Faced with tight quarters on a gearbox application, Texas-based machine builder turns to NORD DRIVESYSTEMS for help.
Some have said the American steel industry is dead. Not Joseph Savariego, president of Delta Steel Technologies Inc. in Irving, Texas. For more than 55 years, what is now a second-generation manufacturing company has been building and repairing machinery for steel mills across the country, and that’s not about to change. In fact, entirely new breeds of mini and micro mills have sprung up over the past decade or so, factories that Delta Steel is busy equipping as well.
During one recent project, however, Delta Steel ran into a snag. After delivering the winning bid on a machine known as a roller leveler, Savariego and his design team found that the gearboxes in a critical subassembly had to be placed closer together than they liked. They knew that this configuration would make it difficult for their customer to service the machine in the future, so they decided to reach out to electromechanical solution provider NORD DRIVESYSTEMS for ideas.
Delta Steel Technologies employs 120 people. Some have worked there for more than four decades, and all are proud to support the American steel industry. They design and manufacture a wide range of custom products in a 226,000 sq. ft. facility, including stretch levelers, rotary shears, temper mills, and cut-to-length lines. All serve to convert rough coils of steel into flat, precision-cut material suitable for use by automakers, appliance producers, and indeed any manufacturer of sheet metal components and assemblies.
The company also refurbishes, remanufactures, and retrofits legacy equipment, performs cylinder and gearbox repairs, does custom machining and fabrication, and offers turnkey installations of their systems. Further, many of these systems are highly automated, using state-of-the-art technology to achieve the greatest throughput possible. There’s more, but put simply, Delta Steel’s goal is delivering whatever the customer needs to efficiently and profitably process steel.
Achieving this requires strong supplier partnerships. Savariego said they’ve worked with NORD DRIVESYSTEMS for a number of years and have always found them to be very responsive, helpful, and creative in their solutions. “Most of the companies out there just throw you a catalog and say, ‘Pick one of these. If it works for you, great, and if it doesn’t, we’re sorry.’ NORD, on the other hand, has always tried to understand our needs and help us select a product that solves whatever problems we’re facing.”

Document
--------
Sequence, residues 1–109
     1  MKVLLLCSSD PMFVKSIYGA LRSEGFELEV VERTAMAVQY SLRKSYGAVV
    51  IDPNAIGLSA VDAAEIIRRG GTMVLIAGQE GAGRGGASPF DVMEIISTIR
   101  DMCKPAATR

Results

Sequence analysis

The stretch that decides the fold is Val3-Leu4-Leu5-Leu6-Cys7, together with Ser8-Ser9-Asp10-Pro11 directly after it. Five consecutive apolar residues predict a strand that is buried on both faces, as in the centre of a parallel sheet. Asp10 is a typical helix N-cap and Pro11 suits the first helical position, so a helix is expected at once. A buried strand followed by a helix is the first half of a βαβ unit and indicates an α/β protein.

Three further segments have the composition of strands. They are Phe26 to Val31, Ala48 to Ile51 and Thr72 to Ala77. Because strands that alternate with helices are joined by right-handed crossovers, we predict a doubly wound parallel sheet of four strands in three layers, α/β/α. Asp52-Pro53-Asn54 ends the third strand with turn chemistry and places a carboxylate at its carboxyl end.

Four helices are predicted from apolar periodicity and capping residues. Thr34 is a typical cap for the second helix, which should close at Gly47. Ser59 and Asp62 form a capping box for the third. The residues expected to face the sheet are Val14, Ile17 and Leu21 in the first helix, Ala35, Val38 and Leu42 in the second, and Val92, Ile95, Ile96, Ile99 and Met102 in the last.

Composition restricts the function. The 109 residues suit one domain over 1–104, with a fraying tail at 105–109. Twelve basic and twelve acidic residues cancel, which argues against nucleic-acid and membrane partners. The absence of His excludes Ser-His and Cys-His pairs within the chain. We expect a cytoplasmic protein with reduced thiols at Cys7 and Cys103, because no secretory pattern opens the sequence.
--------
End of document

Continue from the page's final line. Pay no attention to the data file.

As its name implies, a roller leveler uses a series of offset, rotating cylinders to make coil steel flat. The material is fed into one end of the machine, which alternately bends the sheet in gradually decreasing “waves” that serve to reduce metallurgical stress and flatten the steel as it passes. In Delta Steel’s design, there are eleven rollers in all, five above the sheet and six below. Each roller is attached to a driveshaft, and each driveshaft connects to a gearbox driven by its own 150-hp motor.
The problem with this particular project was twofold. As mentioned earlier, Delta Steel designers needed to stack the two rows of components one atop the other in order to fit everything into the limited space. This restricted access to the bottom row of drive components, though, so they developed a slide mechanism that would allow technicians to easily disconnect each gearbox and motor combination from the driveshaft and simply pull it back and out of the way for servicing.
Despite this space-saving arrangement, a compact but powerful gearbox would still be needed. For this, they reached out to their local NORD DRIVESYSTEMS representative, Steve Hunter, who put them in touch with application engineer Jeff Wittrock. He recommended an SK5207 series MAXXDRIVE Large Industrial Gear Unit in a parallel axis configuration and 14:1 drive ratio. With a UNICASE one-piece housing, symmetrical design, and extremely high power density for its size, the gearbox would provide plenty of torque along with the performance and service life needed for this demanding application.
“There were definitely some challenges,” Savariego said. “For example, if one of the bottom gearboxes were to be damaged, how would you access it without having to remove the ones above it? And even the best gearbox and motor needs routine maintenance, which would have been extremely difficult if we’d gone with a less flexible design. That’s what led us to the sliding mechanism I mentioned earlier, but that meant we had to minimize the driveshaft angle, which in turn required that we keep everything close together. NORD was quite helpful and willing to help us through the entire process until we reached the optimal design.”
Every project is different, Savariego added, noting that details like these must often be worked out after the customer has accepted the preliminary proposal. It’s only as designers delve into the complete requirements that they can understand all of the potential hurdles, making it especially important to partner with suppliers offering a wide range of component options, and backed by experienced support and applications people.
Filed Under: Gears • gearheads • speed reducers